Posted on: March 1, 2012 10:33 pm
By Matt Snyder
All of a sudden, in just one offseason, the Miami Marlins have undergone a complete makeover. They have a new name, logo and stadium. New, more colorful uniforms are part of the deal as well. Still, that's all window-dressing if the on-field product resembles the 72-90 one from 2011. And it doesn't. Not only did the Marlins bring in three highly-coveted and high-priced free agents, but they traded for fiery Carlos Zambrano and brought in one of the most outspoken -- and, at times, effective -- managers in baseball. How Ozzie Guillen's new-look troops fare in the 2012 season remains to be seen, but two things are certain: More people will be in attendance to find out and it's not going to be boring.
Major additions: SS Jose Reyes, LHP Mark Buehrle, RHP Carlos Zambrano, RHP Heath Bell, LHP Wade LeBlanc
Major departures: RHP Javier Vazquez, C John Baker, RHP Burke Badenhop, RHP Chris Volstad
1. Jose Reyes, SS
2. Emilio Bonifacio, CF
3. Hanley Ramirez, 3B
4. Giancarlo Stanton, RF (a.k.a. Mike Stanton)
5. Logan Morrison, LF
6. Gaby Sanchez, 1B
7. John Buck, C
8. Omar Infante, 2B
1. Josh Johnson
2. Mark Buehrle
3. Anibal Sanchez
4. Ricky Nolasco
5. Carlos Zambrano
Wade LeBlanc is the injury replacement.
Closer: Heath Bell
Set-up: Edward Mujica, Mike Dunn
Important bench players
C Brett Hayes, IF Greg Dobbs, OF Scott Cousins, OF Bryan Petersen
Prospect to watch
For this year, there really aren't many guys on the radar ready to jump in and immediately help. Third base prospect Matt Dominguez is in Triple-A, but he's now blocked by one of the team leaders in Hanley Ramirez. All the other highly-ranked Marlins prospects are in the lower-levels of the minors. So we'll go with Dominguez here for this reason: Should he have a big first three months in Triple-A while the Marlins are in the thick of the pennant race, he makes for good trade bait at the deadline. Maybe they could use him to upgrade the bridge to Heath Bell or even as part of a package to landing a really good center fielder.
Fantasy breakout: Logan Morrison
"Morrison's track record suggests both his walk rate and BABIP should rebound, and in fact, his .268 BABIP from a year ago looks like the result of some horrendously bad luck. He is a strong bet to improve on his OBP and, at worst, maintain the home run power he displayed in 2011. Add in some improvement and subtract out his minor league demotion and DL time from last season, and Morrison suddenly profiles as a No. 3 mixed league OF." - Al Melchior [Full Marlins team fantasy preview]
Fantasy bounce-back: Hanley Ramirez
"Ramirez had a miserable first half last season, and just when he started to get untracked, he suffered a shoulder injury that led to season-ending surgery. As the season progressed, Ramirez adjusted and started hitting more line drives and flyballs, and his batting average and power numbers rose accordingly. Even though his overall stats were pale compared to his norms, a good sign for Ramirez was that his home run per flyball rate was not much lower than usual." - Al Melchior [Full Marlins team fantasy preview]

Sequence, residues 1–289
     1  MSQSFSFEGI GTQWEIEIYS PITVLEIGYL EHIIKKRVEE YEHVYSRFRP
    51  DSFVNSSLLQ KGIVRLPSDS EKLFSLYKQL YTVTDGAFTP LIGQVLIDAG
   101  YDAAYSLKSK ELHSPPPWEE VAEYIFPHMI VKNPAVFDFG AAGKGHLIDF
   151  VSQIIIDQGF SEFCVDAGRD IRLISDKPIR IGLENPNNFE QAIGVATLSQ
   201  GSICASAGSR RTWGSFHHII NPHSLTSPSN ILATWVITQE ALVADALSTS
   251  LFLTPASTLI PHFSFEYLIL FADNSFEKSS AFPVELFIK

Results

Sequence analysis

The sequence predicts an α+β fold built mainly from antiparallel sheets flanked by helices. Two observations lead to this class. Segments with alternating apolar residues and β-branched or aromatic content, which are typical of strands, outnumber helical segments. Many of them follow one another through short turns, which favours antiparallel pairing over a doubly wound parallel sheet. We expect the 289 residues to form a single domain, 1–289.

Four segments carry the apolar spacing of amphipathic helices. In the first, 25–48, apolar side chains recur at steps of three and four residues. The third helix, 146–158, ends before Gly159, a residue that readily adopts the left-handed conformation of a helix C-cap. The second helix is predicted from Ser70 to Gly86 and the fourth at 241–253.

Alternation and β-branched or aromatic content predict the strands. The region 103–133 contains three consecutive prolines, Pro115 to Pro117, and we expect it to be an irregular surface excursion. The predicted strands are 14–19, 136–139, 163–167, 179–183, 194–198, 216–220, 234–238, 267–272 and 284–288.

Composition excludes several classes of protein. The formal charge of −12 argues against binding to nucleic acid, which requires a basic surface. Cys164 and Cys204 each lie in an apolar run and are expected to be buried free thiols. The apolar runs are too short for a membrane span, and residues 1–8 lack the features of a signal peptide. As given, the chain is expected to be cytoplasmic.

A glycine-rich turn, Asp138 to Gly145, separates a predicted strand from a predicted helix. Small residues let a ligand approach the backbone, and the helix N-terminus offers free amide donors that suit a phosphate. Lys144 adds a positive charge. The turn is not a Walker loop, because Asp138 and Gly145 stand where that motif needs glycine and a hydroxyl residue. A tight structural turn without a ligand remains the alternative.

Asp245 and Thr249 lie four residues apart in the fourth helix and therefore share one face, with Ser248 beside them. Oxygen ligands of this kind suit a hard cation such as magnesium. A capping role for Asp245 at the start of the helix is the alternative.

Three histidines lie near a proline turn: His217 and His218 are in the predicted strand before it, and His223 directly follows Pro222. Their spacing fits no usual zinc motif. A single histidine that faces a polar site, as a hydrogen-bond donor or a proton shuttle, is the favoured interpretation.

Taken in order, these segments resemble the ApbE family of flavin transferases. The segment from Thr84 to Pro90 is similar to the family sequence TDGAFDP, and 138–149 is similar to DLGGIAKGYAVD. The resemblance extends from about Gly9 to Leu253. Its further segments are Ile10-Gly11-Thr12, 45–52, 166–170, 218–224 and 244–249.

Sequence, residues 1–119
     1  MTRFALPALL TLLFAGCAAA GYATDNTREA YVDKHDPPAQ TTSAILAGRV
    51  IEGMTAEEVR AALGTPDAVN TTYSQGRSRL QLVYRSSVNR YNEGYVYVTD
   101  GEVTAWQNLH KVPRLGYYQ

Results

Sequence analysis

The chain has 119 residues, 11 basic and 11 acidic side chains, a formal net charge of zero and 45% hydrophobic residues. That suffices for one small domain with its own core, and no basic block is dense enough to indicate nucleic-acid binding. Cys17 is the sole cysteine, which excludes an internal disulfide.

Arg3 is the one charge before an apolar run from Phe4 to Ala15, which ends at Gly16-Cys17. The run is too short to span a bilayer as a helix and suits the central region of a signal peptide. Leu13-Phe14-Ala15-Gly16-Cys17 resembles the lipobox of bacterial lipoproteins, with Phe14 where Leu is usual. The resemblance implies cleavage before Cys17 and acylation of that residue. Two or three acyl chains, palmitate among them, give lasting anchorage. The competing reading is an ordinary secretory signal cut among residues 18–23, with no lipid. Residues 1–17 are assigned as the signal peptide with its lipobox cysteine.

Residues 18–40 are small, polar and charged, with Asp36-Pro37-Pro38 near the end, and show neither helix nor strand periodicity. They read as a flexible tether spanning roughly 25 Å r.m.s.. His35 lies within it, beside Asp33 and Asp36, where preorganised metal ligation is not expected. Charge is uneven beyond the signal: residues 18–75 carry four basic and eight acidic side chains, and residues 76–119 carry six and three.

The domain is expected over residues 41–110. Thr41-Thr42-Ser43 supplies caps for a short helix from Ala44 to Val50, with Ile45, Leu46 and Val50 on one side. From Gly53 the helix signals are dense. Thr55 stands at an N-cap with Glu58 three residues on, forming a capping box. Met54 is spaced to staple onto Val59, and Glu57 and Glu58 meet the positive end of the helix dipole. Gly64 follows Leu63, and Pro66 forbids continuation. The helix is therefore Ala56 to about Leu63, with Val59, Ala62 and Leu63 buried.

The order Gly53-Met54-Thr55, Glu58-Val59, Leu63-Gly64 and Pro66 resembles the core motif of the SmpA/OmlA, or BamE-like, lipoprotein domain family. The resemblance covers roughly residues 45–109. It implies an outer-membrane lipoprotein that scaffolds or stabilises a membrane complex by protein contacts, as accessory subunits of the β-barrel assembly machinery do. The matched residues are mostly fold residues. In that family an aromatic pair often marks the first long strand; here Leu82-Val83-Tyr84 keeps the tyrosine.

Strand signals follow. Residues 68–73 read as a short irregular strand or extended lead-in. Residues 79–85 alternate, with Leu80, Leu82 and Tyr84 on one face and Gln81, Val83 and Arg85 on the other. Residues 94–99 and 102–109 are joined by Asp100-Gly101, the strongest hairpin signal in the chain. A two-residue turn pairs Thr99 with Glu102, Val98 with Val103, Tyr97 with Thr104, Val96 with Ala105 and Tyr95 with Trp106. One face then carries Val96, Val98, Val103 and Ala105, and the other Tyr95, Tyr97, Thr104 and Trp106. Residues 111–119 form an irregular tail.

Everyone behaves, Ramirez and Johnson stay healthy and have big seasons while the youngsters (Stanton, Morrison) develop into stars. Especially now that there are two wild cards, the Marlins have a great shot at the playoffs with this group. And once you get there, anything can happen, so I'd say an optimistic outlook has them winning the third World Series in franchise history. If you look at the upside in the offense and rotation in particular, it's hard to argue against a best-case scenario being a championship. Then again ...
Utter disaster. The club doesn't respond to Guillen, Johnson injures his arm again, Zambrano melts down, Morrison quibbles with management over Twitter, Ramirez starts slow and demands a trade due to wanting to play shortstop again ... you get it. I can't think of another club with such high-peak and low-valley potential entering the 2012 season. This group of personalities could be the new Bronx Zoo champion or a catastrophic mix on the field that finishes last. Almost literally, anything could happen. As I said in the intro, it certainly won't be boring. Just sit back, relax and enjoy the show.
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Tags: 2012 spring training, Anibal Sanchez, Brett Hayes, Bryan Petersen, Carlos Zambrano, Edward Mujica, Emilio Bonifacio, Gaby Sanchez, Giancarlo Stanton, Greg Dobbs, Hanley Ramirez, Heath Bell, John Buck, Jose Reyes, Josh Johnson, Logan Morrison, Mark Buehrle, Marlins, Matt Dominguez, Matt Snyder, Mike Dunn, Mike Stanton, NL East, Omar Infante, Ozzie Guillen, Ricky Nolasco, Scott Cousins, spring training, spring training 2012, Wade LeBlanc